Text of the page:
Early reduction in tumour [18F]fluorothymidine (FLT) uptake in patients with non-small cell lung cancer (NSCLC) treated with radiotherapy alone

Ioannis Trigonis, Pek Keng Koh, Ben Taylor, Mahbubunnabi Tamal, David Ryder, Mark Earl, Jose Anton-Rodriguez, Kate Haslett, Helen Young, Corinne Faivre-Finn, Fiona Blackhall, Alan Jackson, Marie-Claude Asselin
European Journal of Nuclear Medicine and Molecular Imaging 2014, 41 (4): 682-93

PURPOSE: Changes in tumour 3'-deoxy-3'-[(18)F]fluorothymidine (FLT) uptake during concurrent chemo-radiotherapy in patients with non-small cell lung cancer (NSCLC) have been reported, at variable time points, in two pilot positron emission tomography (PET) studies. The aim of this study was to assess whether FLT changes occur early in response to radiotherapy (RT) without concurrent chemotherapy and whether such changes exceed test-retest variability.

METHODS: Sixteen patients with NSCLC, scheduled to have radical RT, underwent FLT PET once/twice at baseline to assess reproducibility and/or after 5-11 RT fractions to evaluate response. Primary and nodal malignant lesions were manually delineated on CT and volume, mean and maximum standardized uptake values (SUV(mean) and SUV(max)) estimated. Analysis included descriptive statistics and parameter fitting to a mixed-effects model accounting for patients having different numbers of evaluable lesions.

RESULTS: In all, 35 FLT PET scans from 7 patients with a total of 18 lesions and 12 patients with a total of 30 lesions were evaluated for reproducibility and response, respectively. SUV(mean) reproducibility in primary tumours (SD 8.9%) was better than SUV(max) reproducibility (SD 12.6%). In nodes, SUV(mean) and SUV(max) reproducibilities (SD 18.0 and 17.2%) were comparable but worse than for primary tumours. After 5-11 RT fractions, primary tumour SUV(mean) decreased significantly by 25% (p = 0.0001) in the absence of significant volumetric change, whereas metastatic nodes decreased in volume by 31% (p = 0.020) with a larger SUV(mean) decrease of 40% (p < 0.0001). Similar changes were found for SUV(max).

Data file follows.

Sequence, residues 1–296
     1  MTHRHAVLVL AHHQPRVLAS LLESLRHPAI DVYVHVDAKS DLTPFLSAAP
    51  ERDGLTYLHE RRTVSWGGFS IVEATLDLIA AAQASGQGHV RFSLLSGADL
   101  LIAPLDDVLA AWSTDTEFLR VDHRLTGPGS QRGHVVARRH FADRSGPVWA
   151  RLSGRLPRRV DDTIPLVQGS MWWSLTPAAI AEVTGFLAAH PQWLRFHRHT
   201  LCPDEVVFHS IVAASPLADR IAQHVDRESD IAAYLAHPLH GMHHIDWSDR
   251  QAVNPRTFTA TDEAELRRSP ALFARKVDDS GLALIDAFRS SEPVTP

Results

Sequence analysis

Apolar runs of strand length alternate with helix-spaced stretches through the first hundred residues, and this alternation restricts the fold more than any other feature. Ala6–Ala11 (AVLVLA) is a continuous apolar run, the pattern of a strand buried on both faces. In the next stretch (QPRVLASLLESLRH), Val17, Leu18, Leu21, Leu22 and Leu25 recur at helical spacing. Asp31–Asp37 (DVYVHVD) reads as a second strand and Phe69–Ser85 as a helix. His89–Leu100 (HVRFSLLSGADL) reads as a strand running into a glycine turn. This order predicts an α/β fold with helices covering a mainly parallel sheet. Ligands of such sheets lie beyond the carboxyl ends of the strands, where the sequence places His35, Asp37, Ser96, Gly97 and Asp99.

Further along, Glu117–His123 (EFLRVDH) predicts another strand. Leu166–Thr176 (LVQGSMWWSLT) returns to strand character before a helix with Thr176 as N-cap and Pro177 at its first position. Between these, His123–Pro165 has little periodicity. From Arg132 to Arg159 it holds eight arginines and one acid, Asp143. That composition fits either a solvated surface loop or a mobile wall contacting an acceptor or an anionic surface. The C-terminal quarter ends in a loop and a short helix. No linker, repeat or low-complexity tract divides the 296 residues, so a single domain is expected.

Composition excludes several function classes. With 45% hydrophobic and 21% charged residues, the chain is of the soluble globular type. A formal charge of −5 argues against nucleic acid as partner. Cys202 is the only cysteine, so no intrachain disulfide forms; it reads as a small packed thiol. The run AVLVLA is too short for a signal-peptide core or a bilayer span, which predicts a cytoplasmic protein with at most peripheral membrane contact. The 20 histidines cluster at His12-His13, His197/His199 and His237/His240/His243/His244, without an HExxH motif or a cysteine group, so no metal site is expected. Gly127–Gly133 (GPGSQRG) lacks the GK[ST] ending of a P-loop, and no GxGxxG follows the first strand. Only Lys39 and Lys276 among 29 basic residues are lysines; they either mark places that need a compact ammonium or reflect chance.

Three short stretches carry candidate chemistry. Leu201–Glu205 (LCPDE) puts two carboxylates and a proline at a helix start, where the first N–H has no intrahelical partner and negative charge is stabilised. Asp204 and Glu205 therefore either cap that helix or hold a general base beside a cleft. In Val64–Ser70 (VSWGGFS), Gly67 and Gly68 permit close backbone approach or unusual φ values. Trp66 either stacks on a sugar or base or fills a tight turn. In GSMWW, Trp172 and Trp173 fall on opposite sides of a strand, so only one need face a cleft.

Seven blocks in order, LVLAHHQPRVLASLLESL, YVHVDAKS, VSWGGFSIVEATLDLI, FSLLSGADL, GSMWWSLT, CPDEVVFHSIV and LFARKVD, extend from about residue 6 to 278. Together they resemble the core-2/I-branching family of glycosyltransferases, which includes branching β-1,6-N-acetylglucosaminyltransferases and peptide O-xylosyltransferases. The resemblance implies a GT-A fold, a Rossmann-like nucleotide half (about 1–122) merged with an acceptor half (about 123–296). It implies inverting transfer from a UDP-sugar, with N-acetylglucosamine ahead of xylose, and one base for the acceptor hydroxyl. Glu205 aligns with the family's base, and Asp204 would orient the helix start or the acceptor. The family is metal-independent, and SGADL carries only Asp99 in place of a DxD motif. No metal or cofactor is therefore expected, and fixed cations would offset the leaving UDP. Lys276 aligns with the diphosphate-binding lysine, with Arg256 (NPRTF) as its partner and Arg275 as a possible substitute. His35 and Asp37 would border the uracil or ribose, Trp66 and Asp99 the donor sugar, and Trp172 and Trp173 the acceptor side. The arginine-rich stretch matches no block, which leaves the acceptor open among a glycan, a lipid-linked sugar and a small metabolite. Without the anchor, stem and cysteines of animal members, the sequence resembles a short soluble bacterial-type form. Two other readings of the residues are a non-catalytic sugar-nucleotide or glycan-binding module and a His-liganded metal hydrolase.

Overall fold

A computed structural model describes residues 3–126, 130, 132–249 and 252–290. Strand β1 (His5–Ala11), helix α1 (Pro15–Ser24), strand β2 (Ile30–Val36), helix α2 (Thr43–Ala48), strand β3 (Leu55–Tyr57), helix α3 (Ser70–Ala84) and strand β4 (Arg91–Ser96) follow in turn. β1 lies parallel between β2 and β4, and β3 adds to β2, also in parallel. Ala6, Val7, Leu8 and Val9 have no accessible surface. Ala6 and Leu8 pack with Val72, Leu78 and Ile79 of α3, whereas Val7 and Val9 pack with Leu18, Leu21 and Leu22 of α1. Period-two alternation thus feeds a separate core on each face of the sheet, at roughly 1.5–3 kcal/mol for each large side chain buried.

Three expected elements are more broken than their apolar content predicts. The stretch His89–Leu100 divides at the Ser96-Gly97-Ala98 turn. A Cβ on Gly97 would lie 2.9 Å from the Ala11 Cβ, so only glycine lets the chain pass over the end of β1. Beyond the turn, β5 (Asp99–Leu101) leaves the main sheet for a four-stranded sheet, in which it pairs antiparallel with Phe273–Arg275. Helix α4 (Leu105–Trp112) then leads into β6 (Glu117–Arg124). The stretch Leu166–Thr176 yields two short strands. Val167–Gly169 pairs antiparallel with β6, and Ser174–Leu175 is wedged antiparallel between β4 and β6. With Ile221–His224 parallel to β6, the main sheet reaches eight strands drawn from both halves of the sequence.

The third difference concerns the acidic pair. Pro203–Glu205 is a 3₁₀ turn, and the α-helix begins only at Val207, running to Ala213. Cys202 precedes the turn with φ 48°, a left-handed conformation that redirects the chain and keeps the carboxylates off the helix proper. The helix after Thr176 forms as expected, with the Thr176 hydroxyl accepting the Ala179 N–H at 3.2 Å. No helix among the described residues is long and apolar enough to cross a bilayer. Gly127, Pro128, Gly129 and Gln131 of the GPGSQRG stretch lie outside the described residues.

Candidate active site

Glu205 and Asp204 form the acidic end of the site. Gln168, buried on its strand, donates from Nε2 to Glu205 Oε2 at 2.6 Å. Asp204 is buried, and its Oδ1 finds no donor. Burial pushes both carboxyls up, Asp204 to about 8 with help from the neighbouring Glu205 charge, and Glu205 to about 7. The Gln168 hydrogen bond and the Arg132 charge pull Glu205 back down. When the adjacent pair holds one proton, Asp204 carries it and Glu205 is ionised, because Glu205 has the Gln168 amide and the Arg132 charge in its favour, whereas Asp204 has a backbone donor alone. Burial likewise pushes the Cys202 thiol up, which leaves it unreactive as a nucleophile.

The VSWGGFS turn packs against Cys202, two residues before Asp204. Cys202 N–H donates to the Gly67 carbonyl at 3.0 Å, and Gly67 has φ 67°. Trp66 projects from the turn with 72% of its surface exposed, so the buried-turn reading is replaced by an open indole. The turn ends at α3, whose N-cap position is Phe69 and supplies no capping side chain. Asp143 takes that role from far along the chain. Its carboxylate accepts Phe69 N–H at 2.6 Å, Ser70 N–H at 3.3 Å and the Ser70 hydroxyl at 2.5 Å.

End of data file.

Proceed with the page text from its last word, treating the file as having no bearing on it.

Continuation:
CONCLUSION: Across this group of NSCLC patients, RT induced an early, significant decrease in lesion FLT uptake exceeding test-retest variability. This effect is variable between patients, appears distinct between primary and metastatic nodal lesions, and in primary tumours is lower than previously reported for concurrent chemo-RT at a similar time point. These results confirm the potential for FLT PET to report early on radiation response and to enhance the clinical development of novel drug-radiation combinations by providing an interpretable, early pharmacodynamic end point.

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